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Will my healthcare provider ask me about opioid use during my pregnancy?
Most likely. At your first prenatal visit, your healthcare provider will ask you about a range of things that could affect your pregnancy and the health of your baby, including prescription and illegal drug use. You might receive a questionnaire to fill out or be asked in person.
There are pros and cons to answering these questions. On the one hand, withholding information could mean you miss out on support and treatment you might need for a healthy pregnancy and baby. The American College of Obstetricians and Gynecologists (ACOG) recommends that providers offer treatment options to patients who need them.
(If you're using opioids during pregnancy, don't stop taking them cold turkey. It's not safe to stop taking these drugs suddenly. ACOG recommends that you get into a treatment program to help you transition to a medication that will prevent opioid withdrawal symptoms that might harm you or your baby.)
On the other hand, providers in some states are required to report you to child welfare authorities if you admit to misusing drugs, or if they even suspect you are.
If you're uncomfortable with your provider's attitude about opioid use during pregnancy, you have the right to seek a different provider.
Will I be tested for opioids during pregnancy or delivery?
Some providers may test your urine for drugs (including opioids) when you provide a sample at prenatal care visits. In a few states (Iowa, Kentucky, Louisiana, Minnesota, North Dakota, and Rhode Island), healthcare providers are required to test you for opioids and other substances if they suspect you're using drugs. They are also required report you to child welfare authorities if you test positive. Even in these states, however, your provider must first obtain your consent.
Most hospitals test your urine for drugs when you're admitted for delivery. Healthcare workers need to know whether you have substances in your body that could affect the labor process or require special care for your baby after birth. In some states, hospital officials must report you to child protective services if you test positive for drugs.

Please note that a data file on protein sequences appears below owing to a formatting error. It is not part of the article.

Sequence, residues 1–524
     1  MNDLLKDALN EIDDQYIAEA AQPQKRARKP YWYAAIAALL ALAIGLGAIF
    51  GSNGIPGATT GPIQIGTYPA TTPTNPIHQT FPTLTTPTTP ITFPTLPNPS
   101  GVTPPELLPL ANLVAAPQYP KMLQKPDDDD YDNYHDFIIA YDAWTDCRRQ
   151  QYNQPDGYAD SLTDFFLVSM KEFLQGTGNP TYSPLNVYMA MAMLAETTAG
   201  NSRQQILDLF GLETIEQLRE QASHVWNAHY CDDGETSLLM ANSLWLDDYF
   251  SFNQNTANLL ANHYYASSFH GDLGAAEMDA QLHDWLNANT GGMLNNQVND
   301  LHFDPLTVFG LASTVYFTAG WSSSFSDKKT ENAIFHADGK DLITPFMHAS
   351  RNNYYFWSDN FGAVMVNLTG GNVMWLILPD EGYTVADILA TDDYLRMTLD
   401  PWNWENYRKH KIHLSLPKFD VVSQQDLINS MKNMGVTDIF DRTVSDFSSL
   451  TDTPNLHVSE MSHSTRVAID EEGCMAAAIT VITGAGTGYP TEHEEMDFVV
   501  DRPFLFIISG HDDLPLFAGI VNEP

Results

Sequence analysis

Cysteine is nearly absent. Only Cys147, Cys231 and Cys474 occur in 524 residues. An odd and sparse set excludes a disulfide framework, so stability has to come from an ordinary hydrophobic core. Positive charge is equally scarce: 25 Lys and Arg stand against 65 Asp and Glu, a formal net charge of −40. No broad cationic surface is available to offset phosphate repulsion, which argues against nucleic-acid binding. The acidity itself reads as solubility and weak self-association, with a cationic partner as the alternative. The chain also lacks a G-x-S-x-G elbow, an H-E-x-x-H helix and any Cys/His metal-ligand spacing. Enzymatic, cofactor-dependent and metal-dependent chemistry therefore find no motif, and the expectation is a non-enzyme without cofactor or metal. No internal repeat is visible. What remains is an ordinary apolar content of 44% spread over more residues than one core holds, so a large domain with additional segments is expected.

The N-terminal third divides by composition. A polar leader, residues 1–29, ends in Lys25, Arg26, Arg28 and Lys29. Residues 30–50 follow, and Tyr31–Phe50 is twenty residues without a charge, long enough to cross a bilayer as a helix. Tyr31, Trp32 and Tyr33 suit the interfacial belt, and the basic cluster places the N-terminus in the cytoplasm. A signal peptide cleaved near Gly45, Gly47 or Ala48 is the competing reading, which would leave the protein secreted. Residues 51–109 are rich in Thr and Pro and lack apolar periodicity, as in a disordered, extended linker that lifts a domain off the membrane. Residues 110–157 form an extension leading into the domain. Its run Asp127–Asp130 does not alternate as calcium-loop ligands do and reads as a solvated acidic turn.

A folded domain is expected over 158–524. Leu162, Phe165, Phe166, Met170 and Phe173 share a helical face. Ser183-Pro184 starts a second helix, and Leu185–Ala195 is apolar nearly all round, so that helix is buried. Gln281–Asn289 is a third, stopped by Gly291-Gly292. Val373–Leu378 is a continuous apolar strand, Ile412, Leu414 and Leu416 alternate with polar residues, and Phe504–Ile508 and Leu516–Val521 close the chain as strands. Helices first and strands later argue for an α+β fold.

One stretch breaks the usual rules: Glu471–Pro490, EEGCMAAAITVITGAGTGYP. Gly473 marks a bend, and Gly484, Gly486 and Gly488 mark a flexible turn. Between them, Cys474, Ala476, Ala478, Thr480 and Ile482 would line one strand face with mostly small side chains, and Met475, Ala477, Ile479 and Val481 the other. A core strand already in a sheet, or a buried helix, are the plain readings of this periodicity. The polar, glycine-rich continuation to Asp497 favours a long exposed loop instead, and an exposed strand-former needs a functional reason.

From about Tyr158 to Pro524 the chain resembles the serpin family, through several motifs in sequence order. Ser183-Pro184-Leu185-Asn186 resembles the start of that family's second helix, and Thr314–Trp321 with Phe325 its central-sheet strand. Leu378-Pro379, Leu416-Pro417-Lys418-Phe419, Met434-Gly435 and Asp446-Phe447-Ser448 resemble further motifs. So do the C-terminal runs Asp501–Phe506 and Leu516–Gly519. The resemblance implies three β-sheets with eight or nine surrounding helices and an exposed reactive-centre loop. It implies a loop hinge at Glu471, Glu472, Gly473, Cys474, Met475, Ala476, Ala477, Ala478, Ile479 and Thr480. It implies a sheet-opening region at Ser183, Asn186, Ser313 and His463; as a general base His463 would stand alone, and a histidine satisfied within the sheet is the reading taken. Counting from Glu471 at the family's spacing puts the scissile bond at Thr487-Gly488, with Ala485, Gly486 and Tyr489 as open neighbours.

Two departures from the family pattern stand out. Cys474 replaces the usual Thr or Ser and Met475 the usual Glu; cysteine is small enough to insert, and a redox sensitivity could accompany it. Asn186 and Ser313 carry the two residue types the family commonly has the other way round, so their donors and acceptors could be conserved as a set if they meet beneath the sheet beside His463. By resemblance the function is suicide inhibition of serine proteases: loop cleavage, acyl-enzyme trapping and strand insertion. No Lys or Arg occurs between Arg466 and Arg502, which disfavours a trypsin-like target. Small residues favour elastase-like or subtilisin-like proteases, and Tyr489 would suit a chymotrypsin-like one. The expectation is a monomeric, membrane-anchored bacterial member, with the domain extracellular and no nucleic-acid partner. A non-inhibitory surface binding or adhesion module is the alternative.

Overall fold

Legally, healthcare providers are required to obtain your consent before testing you for opioids or other drugs. If they're following ACOG's guidelines on drug testing, they should also inform you of what could happen if the test is positive.
Unfortunately, not all hospitals make it clear to patients when you're consenting to a drug test. Language about the testing may be buried in general consent paperwork you're given to sign. Before choosing a practice or hospital you might want to ask for copies of their policies and read them carefully.
Is it possible to get a false-positive result on a drug test?
Yes. Between 5 and 15 percent of urine drug tests generate a false-positive. This means the urine shows a positive result for a substance that's not actually there.
Occasionally, women test positive because they took a medication that contained opioids, such as a prescription painkiller, without realizing it. (This can include drugs administered by doctors during labor and delivery.) Nasal sprays, some antibiotics, poppy seeds, and tonic water have also been known to produce positive drug test results.
Unfortunately, false-positive drug results can have serious consequences for you and your family, especially if you're in a state that mandates suspected drug use in pregnancy to be reported to child welfare authorities.
If you think a test result is wrong, ask the medical provider to request a more comprehensive confirmatory test. This test should be done using a technique called "mass spectrometry and liquid or gas chromatography."
Because confirmatory testing is more complicated than a simple urine test, it could take up to a week to get the results back. The hospital or doctor should refrain from reporting a positive test result to authorities (if that's required in your state) until the result is confirmed, but that depends on their policy.
What happens if I test positive for opioids during pregnancy?